70.4 Where any royalties are fixed for a period pursuant to subsection 70.2(2), the person concerned may, during the period, subject to the related terms and conditions fixed by the Board and to the terms and conditions set out in the scheme and on paying or offering to pay the royalties, do the act with respect to which the royalties and their related terms and conditions are fixed and the collective society may, without prejudice to any other remedies available to it, collect the royalties or, in default of their payment, recover them in a court of competent jurisdiction.

[37]                          Interpreting s. 70.4, Rothstein J. held that royalties fixed by the Board pursuant to s. 70.2 are not binding on the user. The Board does not have the “power to force these terms on a user who, having reviewed the terms, decided that engaging in licensed copying is not the way to proceed” (SODRAC, at para. 108). A user who does not accept a licence but engages in a protected use “will remain liable for infringement” (ibid.).

[38]                          In reaching this conclusion, Rothstein J. observed that the text of s. 70.4 is permissive, showing that “a user whose copying activities were the subject of a s. 70.2 proceeding may avail itself of the terms and conditions established by the Board as a way to gain authorization to engage in the activity contemplated in the Board proceeding” (para. 106 (emphasis in original)). Section 68.2(1)  does not itself specify that a user “may” avail itself of the tariff terms. But read alongside s. 70.17, the combined effect creates the same voluntary trigger for acquiring a licence. Under s. 70.17 a user can acquire a licence and immunize themselves from infringement proceedings if they have “paid or offered to pay the royalties”. This is identical to s. 70.4, where a user “may . . . subject to the related terms and conditions fixed by the Board and to the terms and conditions set out in the scheme and on paying or offering to pay the royalties, do the act”. Paying or offering to pay is a permissive act triggering licence acquisition in both cases.

[39]                          As matter of legislative coherence, it would be incongruous if royalties fixed in the context of licence negotiations between a collective society and a specific user were voluntary, but those set in a general tariff were mandatory.

[40]                          Access Copyright argued in the alternative that pursuant to s. 68.2(1)  Board approved royalties operate as a remedy for infringement against a user who has not accepted a licence. But there is nothing in the legislation to suggest that Parliament intended that Board approved tariffs operate as pre-determined infringement damages. Parliament is well aware of how to create a statutory damages scheme. It did so in s. 38.1, which was enacted in 1997 at the same time as key collective administration amendments. Section 68.2(1)  could not have been meant to silently create a second statutory damages scheme, where “amounts are predetermined by the Board, and then imposed without regard to the actual circumstances of the case and without any proportionality to either the user’s behaviour or copyright owners’ actual damage” (“Spectre II”, at p. 58).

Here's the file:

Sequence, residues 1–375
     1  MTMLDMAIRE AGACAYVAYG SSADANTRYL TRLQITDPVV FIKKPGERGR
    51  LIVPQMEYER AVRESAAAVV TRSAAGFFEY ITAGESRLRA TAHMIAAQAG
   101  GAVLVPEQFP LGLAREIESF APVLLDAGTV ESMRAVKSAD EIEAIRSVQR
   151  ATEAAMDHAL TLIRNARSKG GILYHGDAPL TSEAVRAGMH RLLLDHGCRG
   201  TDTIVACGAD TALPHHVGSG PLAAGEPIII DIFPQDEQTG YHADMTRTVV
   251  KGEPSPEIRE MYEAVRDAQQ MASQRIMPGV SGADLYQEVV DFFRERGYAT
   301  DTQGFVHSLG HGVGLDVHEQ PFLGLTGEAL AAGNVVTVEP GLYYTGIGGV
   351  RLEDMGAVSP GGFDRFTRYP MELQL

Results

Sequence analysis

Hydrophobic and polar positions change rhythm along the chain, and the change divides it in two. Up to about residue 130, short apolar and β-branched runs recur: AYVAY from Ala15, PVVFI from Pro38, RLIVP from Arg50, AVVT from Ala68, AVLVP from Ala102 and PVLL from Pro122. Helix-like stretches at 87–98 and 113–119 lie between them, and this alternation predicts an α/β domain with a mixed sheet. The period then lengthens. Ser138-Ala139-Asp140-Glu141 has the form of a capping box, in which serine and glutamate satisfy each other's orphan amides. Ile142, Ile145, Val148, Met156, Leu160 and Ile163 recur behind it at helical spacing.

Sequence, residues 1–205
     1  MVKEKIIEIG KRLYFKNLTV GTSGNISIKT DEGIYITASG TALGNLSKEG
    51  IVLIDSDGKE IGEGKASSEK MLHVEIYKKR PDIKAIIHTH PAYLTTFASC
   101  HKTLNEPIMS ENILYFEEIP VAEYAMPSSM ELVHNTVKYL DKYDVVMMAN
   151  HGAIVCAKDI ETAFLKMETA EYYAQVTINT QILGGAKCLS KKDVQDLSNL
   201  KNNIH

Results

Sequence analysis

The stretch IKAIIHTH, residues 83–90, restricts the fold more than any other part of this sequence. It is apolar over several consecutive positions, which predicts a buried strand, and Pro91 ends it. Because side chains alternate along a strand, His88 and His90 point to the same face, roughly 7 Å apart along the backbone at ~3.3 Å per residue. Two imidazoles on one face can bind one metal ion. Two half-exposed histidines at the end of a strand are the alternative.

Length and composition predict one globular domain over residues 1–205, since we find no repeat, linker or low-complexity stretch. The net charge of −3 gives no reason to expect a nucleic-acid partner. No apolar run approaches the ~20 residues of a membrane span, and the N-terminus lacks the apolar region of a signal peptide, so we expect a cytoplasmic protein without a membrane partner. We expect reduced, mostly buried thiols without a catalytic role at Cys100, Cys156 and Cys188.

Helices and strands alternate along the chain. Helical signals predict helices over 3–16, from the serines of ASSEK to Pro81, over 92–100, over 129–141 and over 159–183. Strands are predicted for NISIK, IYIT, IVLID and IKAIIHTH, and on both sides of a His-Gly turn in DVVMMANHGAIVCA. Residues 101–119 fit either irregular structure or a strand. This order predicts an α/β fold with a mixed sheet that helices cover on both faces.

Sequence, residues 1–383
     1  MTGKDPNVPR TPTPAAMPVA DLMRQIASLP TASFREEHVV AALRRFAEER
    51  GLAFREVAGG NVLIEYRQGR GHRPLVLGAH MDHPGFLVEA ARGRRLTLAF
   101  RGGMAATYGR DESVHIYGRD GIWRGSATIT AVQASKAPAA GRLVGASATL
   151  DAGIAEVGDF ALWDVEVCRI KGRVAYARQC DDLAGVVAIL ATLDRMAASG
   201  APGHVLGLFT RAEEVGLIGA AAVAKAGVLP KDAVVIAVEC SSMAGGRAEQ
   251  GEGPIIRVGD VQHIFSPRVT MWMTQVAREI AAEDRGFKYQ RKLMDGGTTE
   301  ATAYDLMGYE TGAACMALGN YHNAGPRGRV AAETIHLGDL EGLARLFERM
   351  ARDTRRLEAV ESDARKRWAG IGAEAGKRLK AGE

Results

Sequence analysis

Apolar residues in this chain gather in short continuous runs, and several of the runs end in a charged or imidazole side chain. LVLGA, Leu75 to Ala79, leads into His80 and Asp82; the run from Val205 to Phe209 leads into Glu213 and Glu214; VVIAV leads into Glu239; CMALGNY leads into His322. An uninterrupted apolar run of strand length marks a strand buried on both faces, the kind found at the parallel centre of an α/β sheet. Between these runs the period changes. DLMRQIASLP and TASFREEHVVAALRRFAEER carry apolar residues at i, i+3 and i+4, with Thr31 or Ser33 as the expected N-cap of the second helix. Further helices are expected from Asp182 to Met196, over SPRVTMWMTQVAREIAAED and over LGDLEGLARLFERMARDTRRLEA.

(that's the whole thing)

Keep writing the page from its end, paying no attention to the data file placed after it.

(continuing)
[41]                          Access Copyright also identifies various provisions throughout the Act which it says support the mandatory tariff theory and are inconsistent with the voluntary tariff theory. It observes that s. 70.12 creates a distinction between royalties set out in a tariff (s. 70.12(a)) and those reached by agreement (s. 70.12(b)), and argues that this means royalties set out in a tariff must be binding without an agreement. But nothing about the possibility of the parties reaching a mutual agreement in subs. (b) suggests that the licence terms fixed by the Board in response to a proposed tariff under subs. (a) must be mandatory on users. Section 70.12 simply offers collective societies in the general regime a degree of flexibility that does not exist in the performing rights regime, where collective societies are required to file proposed tariffs.

[42]                          It also argues that s. 70.191, which says that an approved tariff “does not apply where there is an agreement between a collective society and a person authorized to do an act”, supports the mandatory tariff theory. If tariffs are optional, Access Copyright says, there would be no need to provide that a tariff does not apply when there is an agreement, because the user could simply “opt out” of the tariff. But this overlooks the purpose of s. 70.191, which is to prevent both a collective and a user from abandoning an agreement after a tariff is approved. This is consistent with the voluntary tariff theory. A user is free to choose whether or not to accept a licence, but a tariff does not permit a user to abandon its agreements.

[43]                          Finally, Access Copyright isolates ss. 38.2, 30.02 and 30.3, which provide certain benefits to educational institutions and are tied to the existence of an approved tariff, and argues that these benefits would not exist if the tariff were optional.

[44]                          But none of these provisions provide support for the mandatory tariff theory. Section 38.2 says that a copyright owner who has not authorized a collective society to authorize reprographic reproduction of the owner’s work may recover, in proceedings against an educational institution, a maximum of the royalties that would have been payable under any agreement entered into with the collective society or a tariff certified by the Board under s. 70.15. This provision puts a cap on the damages an owner can recover against an educational institution in respect of reprographic rights. It is premised on the assumption that the Board will set fair and equitable royalties, but it does not suggest that such royalties are mandatory.